. . . now a group of self-identified “people of color” has. Two weeks ago, 19 individuals, many anonymous, co-authored a letter to the Occupy movement, which they accused of being a “straight-white-man approach to movement building”:
Some of us participated in the formation of Occupy People of Color and Queer People of Color groups in order to hold space, or find refuge when encountered with incidents of racism, sexism, or homophobia. The simple fact that our groups served this purpose shows that OWS spaces prioritized the wants, needs, values, and culture of heterosexual white men first. Frankly, many of us have encountered this straight-white-man approach to movement-building too many times to count. In fact, many of the same characters that have attempted to dominate movements in our communities in the past are the same people who lead OWS from the light and shadows.
The physical presence of multitudes of white Occupiers on Wall Street, which was once the site of Native genocide and African chattel slavery, is troubling. Though Occupy activists now widely share the history of Wall Street to show that its foundations are corrupt, they use this truth to justify a new occupation that is 80% white and 68% male.
A culture of violence was allowed to take root at many OWS sites but was masked by calls to unite under the banner of the 99%. Many of us experienced or witnessed slurs, attacks, and intimidation based on our race, culture, age, socioeconomic status, educational level, ability and/or perceived gender and sexual identities at Occupy encampments. When we attempted to challenge these abuses, we were silenced or ostracized. We were told that talking about the incidents limited other’s freedom and gave the police an opportunity to invade the camps.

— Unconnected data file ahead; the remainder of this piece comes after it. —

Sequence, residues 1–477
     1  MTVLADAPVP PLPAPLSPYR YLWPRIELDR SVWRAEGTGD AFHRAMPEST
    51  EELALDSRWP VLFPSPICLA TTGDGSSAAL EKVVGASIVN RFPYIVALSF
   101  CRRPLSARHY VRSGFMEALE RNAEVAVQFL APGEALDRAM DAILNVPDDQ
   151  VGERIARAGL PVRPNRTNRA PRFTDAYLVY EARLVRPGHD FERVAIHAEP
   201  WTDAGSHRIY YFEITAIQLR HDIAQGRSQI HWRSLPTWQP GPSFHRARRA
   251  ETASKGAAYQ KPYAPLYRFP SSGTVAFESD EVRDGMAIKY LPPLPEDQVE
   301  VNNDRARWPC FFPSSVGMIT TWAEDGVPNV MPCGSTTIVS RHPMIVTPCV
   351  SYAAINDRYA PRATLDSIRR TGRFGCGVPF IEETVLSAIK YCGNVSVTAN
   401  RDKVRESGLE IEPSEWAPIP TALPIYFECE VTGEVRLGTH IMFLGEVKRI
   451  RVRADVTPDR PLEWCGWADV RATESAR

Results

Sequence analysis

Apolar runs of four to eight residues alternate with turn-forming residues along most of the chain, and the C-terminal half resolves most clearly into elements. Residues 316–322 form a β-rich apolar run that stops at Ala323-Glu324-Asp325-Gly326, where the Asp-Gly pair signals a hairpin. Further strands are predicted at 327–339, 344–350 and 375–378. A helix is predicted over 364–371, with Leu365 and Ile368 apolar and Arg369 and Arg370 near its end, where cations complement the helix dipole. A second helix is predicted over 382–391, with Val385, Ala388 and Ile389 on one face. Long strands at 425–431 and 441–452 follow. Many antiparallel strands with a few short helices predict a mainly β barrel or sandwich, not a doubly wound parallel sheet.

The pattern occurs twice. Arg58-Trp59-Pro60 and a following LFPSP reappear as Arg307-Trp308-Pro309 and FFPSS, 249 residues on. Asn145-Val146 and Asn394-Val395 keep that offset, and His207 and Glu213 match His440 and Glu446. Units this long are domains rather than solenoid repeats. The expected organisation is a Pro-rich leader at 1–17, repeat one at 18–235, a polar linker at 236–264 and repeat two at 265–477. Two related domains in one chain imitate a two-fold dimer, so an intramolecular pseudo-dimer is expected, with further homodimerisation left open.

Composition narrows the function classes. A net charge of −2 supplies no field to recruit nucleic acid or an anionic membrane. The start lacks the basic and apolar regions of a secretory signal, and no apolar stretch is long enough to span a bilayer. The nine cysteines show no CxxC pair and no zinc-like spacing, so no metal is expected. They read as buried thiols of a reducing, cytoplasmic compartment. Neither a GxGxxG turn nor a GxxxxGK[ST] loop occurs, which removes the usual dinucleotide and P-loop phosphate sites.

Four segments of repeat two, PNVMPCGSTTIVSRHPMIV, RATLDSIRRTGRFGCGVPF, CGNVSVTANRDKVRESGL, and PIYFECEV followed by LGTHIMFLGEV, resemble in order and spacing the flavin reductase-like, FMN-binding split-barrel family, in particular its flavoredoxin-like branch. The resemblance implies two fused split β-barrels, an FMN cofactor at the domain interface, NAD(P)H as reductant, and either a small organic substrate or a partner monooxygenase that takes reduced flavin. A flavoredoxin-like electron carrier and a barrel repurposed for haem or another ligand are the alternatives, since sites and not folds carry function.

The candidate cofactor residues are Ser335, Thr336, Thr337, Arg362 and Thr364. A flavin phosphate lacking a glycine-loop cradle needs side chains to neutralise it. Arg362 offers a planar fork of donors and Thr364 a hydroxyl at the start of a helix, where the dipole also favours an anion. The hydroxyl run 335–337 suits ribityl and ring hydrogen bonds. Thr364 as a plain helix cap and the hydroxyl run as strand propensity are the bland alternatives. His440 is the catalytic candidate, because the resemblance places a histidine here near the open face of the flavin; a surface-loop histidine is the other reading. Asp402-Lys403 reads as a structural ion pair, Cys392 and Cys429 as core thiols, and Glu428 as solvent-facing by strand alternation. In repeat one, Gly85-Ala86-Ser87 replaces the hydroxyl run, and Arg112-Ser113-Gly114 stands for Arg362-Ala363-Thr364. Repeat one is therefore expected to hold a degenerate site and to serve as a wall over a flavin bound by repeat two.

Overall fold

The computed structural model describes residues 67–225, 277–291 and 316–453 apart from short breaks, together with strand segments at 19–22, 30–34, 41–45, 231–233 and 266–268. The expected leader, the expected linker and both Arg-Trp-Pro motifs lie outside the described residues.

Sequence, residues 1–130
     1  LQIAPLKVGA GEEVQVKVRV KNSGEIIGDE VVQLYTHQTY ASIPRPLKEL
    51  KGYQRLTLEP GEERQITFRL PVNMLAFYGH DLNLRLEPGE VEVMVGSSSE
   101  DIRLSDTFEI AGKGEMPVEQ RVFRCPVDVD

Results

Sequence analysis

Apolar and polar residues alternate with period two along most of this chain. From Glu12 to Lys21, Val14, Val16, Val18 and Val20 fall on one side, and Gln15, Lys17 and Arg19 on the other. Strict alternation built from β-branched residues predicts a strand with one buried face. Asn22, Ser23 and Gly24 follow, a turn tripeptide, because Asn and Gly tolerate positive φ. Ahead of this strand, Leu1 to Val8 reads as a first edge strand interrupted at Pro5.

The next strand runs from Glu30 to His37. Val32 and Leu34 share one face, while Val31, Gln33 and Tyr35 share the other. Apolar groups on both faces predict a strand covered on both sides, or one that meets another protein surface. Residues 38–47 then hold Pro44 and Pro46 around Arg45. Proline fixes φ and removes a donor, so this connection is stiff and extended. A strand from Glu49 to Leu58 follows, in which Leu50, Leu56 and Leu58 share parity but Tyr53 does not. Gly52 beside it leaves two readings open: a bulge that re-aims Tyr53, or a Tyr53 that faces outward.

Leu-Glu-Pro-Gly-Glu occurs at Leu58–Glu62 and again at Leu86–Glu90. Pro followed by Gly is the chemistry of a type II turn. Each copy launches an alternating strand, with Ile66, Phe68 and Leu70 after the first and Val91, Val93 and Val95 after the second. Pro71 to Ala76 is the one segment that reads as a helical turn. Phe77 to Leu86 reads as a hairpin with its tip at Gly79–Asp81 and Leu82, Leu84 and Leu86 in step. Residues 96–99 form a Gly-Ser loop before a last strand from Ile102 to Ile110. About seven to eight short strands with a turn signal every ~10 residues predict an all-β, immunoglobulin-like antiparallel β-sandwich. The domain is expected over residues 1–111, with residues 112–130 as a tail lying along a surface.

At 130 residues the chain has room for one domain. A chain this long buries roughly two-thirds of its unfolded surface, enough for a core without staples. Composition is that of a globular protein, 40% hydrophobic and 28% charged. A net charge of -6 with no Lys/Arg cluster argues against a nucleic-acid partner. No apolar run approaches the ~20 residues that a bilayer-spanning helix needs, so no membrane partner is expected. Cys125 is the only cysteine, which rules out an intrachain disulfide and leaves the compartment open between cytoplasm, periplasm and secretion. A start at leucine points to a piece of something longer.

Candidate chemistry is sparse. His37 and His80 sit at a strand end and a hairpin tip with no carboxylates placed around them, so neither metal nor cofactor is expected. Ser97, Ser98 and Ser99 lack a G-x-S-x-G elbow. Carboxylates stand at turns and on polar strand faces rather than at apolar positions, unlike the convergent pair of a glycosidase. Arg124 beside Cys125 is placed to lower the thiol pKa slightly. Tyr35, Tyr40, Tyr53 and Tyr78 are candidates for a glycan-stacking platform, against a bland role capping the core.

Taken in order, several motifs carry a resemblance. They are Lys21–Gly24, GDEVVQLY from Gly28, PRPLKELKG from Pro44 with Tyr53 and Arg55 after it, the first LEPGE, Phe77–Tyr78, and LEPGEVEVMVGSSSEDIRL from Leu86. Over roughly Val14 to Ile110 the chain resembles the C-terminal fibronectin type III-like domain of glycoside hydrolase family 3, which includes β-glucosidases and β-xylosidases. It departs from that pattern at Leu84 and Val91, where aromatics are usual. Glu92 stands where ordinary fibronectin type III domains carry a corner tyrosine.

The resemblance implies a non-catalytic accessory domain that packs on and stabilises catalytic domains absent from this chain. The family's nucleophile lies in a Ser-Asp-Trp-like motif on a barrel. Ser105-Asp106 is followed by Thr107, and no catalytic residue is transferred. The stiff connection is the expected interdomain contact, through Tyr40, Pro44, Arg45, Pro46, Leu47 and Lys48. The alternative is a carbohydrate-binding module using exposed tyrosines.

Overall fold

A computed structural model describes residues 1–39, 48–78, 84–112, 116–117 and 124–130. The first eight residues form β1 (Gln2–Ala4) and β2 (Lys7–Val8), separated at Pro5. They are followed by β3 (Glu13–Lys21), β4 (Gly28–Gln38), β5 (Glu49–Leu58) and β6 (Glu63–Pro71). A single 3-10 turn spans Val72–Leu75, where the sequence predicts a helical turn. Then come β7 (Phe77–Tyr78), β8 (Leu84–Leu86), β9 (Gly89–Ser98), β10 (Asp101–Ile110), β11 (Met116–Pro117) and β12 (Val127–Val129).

Despite the diverse experiences held by the 35 people on the call in cities all over the nation, the overwhelming majority agreed that the encampments were not safe spaces for people of color. Some of us cannot attend a meeting ever again for fear of retaliation and physical assault now that we have spoken out. While supporters of Occupy might characterize these events as isolated incidents or unrepresentative of their movement, they cannot hide the fact that people of color do not and never have participated in large numbers.